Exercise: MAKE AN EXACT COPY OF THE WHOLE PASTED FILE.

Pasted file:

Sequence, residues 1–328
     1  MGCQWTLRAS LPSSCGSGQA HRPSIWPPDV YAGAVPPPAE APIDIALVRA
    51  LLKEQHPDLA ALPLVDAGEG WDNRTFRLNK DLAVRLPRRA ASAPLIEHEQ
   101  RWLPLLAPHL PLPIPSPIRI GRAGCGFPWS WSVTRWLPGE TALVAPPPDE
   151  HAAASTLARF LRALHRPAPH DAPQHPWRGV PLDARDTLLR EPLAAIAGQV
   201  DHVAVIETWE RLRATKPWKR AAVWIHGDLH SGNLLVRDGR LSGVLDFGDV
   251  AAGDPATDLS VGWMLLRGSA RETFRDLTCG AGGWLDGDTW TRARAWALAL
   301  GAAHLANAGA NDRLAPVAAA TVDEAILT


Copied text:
Sequence, residues 1–328
     1  MGCQWTLRAS LPSSCGSGQA HRPSIWPPDV YAGAVPPPAE APIDIALVRA
    51  LLKEQHPDLA ALPLVDAGEG WDNRTFRLNK DLAVRLPRRA ASAPLIEHEQ
   101  RWLPLLAPHL PLPIPSPIRI GRAGCGFPWS WSVTRWLPGE TALVAPPPDE
   151  HAAASTLARF LRALHRPAPH DAPQHPWRGV PLDARDTLLR EPLAAIAGQV
   201  DHVAVIETWE RLRATKPWKR AAVWIHGDLH SGNLLVRDGR LSGVLDFGDV
   251  AAGDPATDLS VGWMLLRGSA RETFRDLTCG AGGWLDGDTW TRARAWALAL
   301  GAAHLANAGA NDRLAPVAAA TVDEAILT